Mastery of desires is key to familial love

During my nearly 50 years as a priest, I have met multitudes of families in a variety of settings: at Masses, confirmations and weddings; other times while serving the hungry or needy in our diocese; still other times at school events and ceremonies. Like each individual person, no one family is the same. Each member brings unique gifts and contributions to the table. Each family’s dynamic, interpersonal relationships and means of communicating are all different. This speaks to God’s boundless creativity — and sometimes his sense of humor!

Despite their distinct manifestations, every single family shares the same mission: to bring the light of Jesus Christ into a world that desperately longs for it. The light of Christ is the love of the Holy Trinity — a love that is interpersonal and relational. The deepest longing of the human heart is to love and be loved, to trust that I am loved unconditionally and can love in the same way. Familial love shows concretely, through the witness of forgiveness, self-sacrifice and compassion, how God love us.

Bishop Loverde

My parents were not perfect, of course, but in each of them I saw, as I grew older, a reflection of how God loves me. I realized that whatever I might do to displease my father, I could never undo his love for me. This reflected God’s unconditional love. My mother was quiet by nature, but I knew that she unfailingly cared for me, was concerned for my welfare and would always be at my side with prayer and love. In this, I experienced God’s tenderness and fidelity.

According to Pope Francis, the family is a “school of love,” where we learn in word and deed how to give ourselves away in the service of others. But the lessons of this school are not limited to the members of the family — they teach all who witness the family’s love in action. Sadly, families today face daunting challenges in maintaining and executing the curriculum, so to speak, of their school of love. In our world, one in which children have instantaneous access to media, it is understandable that parents might find it difficult to establish a program of learning for their domestic school. How challenging it must be for them to talk about the nature of true love when a steady hum of voices threatens to drown theirs out with alternate proposals.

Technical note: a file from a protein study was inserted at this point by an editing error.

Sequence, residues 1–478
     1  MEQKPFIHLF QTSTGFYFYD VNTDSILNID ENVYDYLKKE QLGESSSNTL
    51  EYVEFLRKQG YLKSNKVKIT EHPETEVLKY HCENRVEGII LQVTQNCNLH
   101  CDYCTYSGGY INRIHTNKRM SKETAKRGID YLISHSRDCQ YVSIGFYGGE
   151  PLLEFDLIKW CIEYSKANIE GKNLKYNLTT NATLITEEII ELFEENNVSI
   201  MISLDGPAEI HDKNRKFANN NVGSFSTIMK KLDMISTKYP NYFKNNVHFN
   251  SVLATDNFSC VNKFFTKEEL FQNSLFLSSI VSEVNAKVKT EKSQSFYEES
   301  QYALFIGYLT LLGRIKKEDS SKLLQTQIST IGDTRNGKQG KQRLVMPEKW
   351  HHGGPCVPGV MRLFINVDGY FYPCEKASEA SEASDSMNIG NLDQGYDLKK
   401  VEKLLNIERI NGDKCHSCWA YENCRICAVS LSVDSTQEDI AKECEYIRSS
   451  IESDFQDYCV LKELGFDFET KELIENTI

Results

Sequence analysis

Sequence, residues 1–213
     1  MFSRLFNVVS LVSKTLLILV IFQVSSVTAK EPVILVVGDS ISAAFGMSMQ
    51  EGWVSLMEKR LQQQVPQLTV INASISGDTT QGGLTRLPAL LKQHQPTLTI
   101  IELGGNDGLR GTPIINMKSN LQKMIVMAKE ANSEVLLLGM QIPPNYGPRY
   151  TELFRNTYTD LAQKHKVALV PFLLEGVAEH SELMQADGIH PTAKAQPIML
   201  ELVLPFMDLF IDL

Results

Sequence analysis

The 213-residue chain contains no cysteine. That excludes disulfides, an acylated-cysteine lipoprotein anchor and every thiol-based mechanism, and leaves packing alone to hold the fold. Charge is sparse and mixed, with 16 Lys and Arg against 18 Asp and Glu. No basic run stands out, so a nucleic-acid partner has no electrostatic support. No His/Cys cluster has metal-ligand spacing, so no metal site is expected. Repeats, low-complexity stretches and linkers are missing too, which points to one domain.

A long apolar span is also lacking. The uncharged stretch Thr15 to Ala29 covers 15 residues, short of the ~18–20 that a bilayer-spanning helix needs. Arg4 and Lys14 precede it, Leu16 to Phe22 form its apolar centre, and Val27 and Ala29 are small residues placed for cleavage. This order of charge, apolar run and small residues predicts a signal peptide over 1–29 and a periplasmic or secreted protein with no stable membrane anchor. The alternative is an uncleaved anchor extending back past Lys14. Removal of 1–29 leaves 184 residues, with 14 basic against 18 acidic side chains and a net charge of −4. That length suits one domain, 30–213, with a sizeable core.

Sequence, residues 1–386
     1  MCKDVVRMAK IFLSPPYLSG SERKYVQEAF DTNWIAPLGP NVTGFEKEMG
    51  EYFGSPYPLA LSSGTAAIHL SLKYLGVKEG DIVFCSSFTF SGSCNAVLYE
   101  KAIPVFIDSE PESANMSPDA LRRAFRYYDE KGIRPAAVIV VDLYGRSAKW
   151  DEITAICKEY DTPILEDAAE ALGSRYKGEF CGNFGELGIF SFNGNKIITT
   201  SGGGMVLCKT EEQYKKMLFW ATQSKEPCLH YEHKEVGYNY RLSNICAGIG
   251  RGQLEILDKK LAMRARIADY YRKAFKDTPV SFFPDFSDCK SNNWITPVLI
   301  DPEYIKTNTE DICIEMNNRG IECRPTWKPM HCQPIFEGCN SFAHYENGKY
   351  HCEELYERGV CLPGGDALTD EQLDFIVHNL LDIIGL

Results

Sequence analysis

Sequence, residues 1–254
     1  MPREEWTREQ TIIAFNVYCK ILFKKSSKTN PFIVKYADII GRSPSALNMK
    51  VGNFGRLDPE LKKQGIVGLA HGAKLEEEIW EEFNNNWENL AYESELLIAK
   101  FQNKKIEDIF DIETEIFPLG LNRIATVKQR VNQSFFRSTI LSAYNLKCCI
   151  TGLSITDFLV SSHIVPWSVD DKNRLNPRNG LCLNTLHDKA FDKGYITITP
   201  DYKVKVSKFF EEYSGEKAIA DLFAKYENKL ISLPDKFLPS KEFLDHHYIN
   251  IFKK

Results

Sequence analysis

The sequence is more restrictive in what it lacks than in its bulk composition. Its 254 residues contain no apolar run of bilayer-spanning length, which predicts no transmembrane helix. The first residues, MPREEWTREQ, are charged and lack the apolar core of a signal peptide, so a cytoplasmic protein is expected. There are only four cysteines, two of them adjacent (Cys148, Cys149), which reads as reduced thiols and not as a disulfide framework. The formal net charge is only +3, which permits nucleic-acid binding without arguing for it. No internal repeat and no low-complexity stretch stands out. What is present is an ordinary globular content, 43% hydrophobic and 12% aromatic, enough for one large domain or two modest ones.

One of the biggest threats to the family today is the plague of pornography. What used to be something only accessible to adults who were willing to risk shame in order to obtain it is now available in the mainstream on the Internet, smart phones and cable television. Perhaps what is most terrifying is that children have their first encounter with pornography as early as 10 or 11 years of age.

We do not hear of a casual or occasional brush with pornography — the real story is that thousands of people, even people of faith, suffer from addictions to it. Just like addictive substances, scientific and psychological studies confirm that the brain seeks more vile images to produce the initial effect. To call this anything other than a plague is to deny its harmful effects.

The introduction of pornography into family life is destructive, because it obscures what real love looks like. Far from promoting another person’s dignity, pornography advances a vision of a world in which people are to be used and manipulated, abused and discarded. It is a medium that reduces sex to a form of entertainment and even profit.

God created us as sensory beings, which means that images we view stay with us in our memories and shape our imaginations. What will happen to our sons if they take in images of men treating women in a demeaning way? How will they learn how to protect women’s dignity? Do we want our daughters to see women abused and exploited? It is the duty of every parent, especially the father, to protect children from exposure to this plague, and should their sons or daughters come across it, to propose something beautiful in its place.

Children are not the only ones who have impressionable imaginations and consciences — so do husbands, wives, fathers and mothers. Pornography introduces an immediate threat to a marriage — to love, trust and chastity. One of the most common factors in all the cases brought to a diocese for annulments is the use of pornography, because it offers a fake substitute for real marital intimacy.

But all hope is not lost. The family is the school of real love — love that requires a mastery of oneself and one’s desires in order to care for the other. Families do this every day; their harmony requires that members put aside their desires and preferences in order to work for the good of the whole.

What is needed in our time is a renewed appreciation for the virtue of chastity, of love which is ordered toward upholding one’s own and another’s dignity. It is the virtue that makes self-giving possible in family life. In this love, there is no room for pornography, for masturbation or for contraception. Anything that turns us inward — that does not call us to any self-possession — cannot foster love. It means that our desires control us. It means that we are not free.

True love looks outward, toward another. And in that encounter with the other, we see the face of God. Let us all be “children of the light,” as St. Paul says, and may our families bring our world from darkness to light!

Bishop Paul S. Loverde has been the bishop of Arlington, Virginia, since 1999. He is the author of “Bought With a Price,” a pastoral letter on pornography.

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